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    Lois Lane, My Love

    Joanne Siegel has passed away. She was the model for the first sketches of Lois Lane and the wife of Superman's co-creator, Jerry Siegel. That gives her the best claim to being Lois Lane that any real person has ever had. In her later years, she was a fierce advocate for her husband's intellectual property claims. I've thought a lot about the Superman creators over the years, and part of me is tempted only to blog about intellectual property. But the truth is that Lois Lane has probably shaped the course of my adult life more than any other fictional character has, without me thinking about it.

    All the years I spent reading comic books, before I was old enough to think critically or to act on the messages I was being given, I was picking up a bunch of basic lessons about how adults were supposed to live and what they were supposed to want. You were supposed to live in a big city. You were supposed to have a job. (Even if you could fly and squeeze diamonds out of coal, you were supposed to have a job. It wasn't about the money.) And when you fell in love, you were supposed to fall in love with a poised, confident, and whip-smart brunette, someone who was at least as good at her job as you were and at least as smart as you were: a woman like Lois Lane.

    I have Lois and her creators to thank for an adulthood full of smart, interesting women. Women with careers and style, women who appreciate good prose and smart remarks, women who are nearly impossible to intimidate. Some only gave me a bout of spring heartsickness or an autumn of giddy smiles, some became my partners for as long as we could make our partnerships work, and one has redefined my notions of happiness, but they've all been bright and self-possessed and ambitious, and my life has been incalculably richer for it. I grew up presuming that if a straight man were able to do nearly anything he wanted and could pursue anyone he liked, he would choose a woman who was undeniably his equal. With more experience behind me, I still feel this is true. I would like to thank Clark Kent for the tip.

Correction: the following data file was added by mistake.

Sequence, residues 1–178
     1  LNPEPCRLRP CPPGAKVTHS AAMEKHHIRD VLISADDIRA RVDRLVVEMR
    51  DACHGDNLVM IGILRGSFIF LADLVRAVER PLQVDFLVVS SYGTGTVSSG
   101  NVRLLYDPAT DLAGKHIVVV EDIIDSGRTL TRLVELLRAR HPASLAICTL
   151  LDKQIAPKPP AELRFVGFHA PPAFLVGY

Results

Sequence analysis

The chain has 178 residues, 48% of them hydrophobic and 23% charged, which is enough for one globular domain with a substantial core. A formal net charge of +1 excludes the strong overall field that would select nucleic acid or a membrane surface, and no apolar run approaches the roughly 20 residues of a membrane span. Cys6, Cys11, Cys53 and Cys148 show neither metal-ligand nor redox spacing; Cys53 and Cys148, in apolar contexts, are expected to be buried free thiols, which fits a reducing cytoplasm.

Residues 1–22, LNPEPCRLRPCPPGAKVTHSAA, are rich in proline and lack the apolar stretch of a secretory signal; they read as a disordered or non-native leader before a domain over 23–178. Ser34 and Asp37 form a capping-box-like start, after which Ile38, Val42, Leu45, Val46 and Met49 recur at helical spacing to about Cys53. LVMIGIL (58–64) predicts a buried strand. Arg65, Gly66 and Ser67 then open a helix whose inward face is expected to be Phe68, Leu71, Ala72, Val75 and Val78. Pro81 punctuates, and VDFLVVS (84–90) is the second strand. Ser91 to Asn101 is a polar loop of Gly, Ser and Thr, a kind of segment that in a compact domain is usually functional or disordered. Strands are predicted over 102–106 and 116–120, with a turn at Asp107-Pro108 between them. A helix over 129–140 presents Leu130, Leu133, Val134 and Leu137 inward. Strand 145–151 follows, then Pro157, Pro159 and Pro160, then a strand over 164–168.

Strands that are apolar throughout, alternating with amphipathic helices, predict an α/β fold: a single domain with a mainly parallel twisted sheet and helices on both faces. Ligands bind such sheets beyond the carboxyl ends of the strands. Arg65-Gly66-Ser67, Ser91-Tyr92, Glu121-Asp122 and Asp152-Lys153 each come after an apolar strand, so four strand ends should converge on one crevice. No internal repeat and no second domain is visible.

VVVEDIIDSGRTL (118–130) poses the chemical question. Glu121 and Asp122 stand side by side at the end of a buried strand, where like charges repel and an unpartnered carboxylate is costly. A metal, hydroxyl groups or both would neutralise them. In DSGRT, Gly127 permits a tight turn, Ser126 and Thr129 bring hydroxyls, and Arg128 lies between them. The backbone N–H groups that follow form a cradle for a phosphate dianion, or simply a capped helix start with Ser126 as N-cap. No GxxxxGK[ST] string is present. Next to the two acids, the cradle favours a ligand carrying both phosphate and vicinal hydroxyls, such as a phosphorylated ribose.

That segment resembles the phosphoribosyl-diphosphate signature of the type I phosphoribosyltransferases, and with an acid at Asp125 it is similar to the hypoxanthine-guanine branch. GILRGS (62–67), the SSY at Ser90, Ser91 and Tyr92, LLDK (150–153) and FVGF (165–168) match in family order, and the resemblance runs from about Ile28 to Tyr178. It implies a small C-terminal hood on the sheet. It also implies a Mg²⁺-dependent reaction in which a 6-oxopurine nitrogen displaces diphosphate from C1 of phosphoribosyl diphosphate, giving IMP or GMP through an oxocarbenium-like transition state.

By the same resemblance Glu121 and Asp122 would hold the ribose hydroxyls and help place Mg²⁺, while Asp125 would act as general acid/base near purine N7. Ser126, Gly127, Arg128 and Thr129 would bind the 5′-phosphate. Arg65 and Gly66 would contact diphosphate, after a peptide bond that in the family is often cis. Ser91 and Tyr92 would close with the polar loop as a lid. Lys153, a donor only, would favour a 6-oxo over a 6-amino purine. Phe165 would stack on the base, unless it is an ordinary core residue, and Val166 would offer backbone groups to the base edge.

I'm not going to pretend that Superman comics were feminist documents, or that Superman is a good role model when it comes to romance. Everyone knows you shouldn't lie to your beloved, let alone systematically deceive her about who you are; you'd have to be from another planet to think otherwise. And it takes neurosis beyond the scope of mortal man to start a love triangle where you are your own rival, let alone to keep that phantom rivalry going for more than half a century. By the time I discovered Superman, Lois, and Clark's triangular mishegas, the comics had toned down most of the overt snickering at Lois for not figuring out that she was being lied to on a daily basis. In the 1950s, Superman would collude with the readers by literally winking to them out of the panel frame, sharing a joke on silly Lois who couldn't figure out the secret that every schoolboy with a spare dime already knew, and who was moreover a girl. But when I started reading, thirty-six years back, the wink had stopped being part of the monthly formula. And while Lois surely needed rescuing on steady schedule, even as a schoolboy I knew that this was about genre and not gender. Lois had to get herself in regular jams to keep the plot machinery from jamming, and I knew that. But the premise, after all, was that Superman was not like other men, so I naturally chalked up the rescuing to the super part, not the man part. Being rescued by that guy was nothing to be ashamed about; it could happen to anyone.

    And it mattered, although I could not have articulated this, that Lois really did get herself in those jams, that it was her fearless sense of enterprise that got her in trouble. In fact, she's much more adventurous than Superman is; she takes more risks. Inevitably, one of her daring gambles would lead to a bad break and she would need to be bailed out by her bulletproof admirer. Lois didn't need rescuing twice a month because she was too stereotypically girly. She needed rescuing because she was too brave.

    Lois Lane worked for me precisely because I encountered her in the middle of an extremely male fantasy, a fantasy where she was placed at the core. And in many ways she set a better example than characters like Wonder Woman, who represent a male fantasy about powerful women; you won't catch Lois wearing a pair of slave bracelets. An adolescent fantasy about the strongest woman in the world ends up with her dressed like some kind of harem girl. But with Superman, it's a fantasy of unchallengeable male power. And the lesson was that a strong, confident man wants a strong, confident woman. Made sense to me.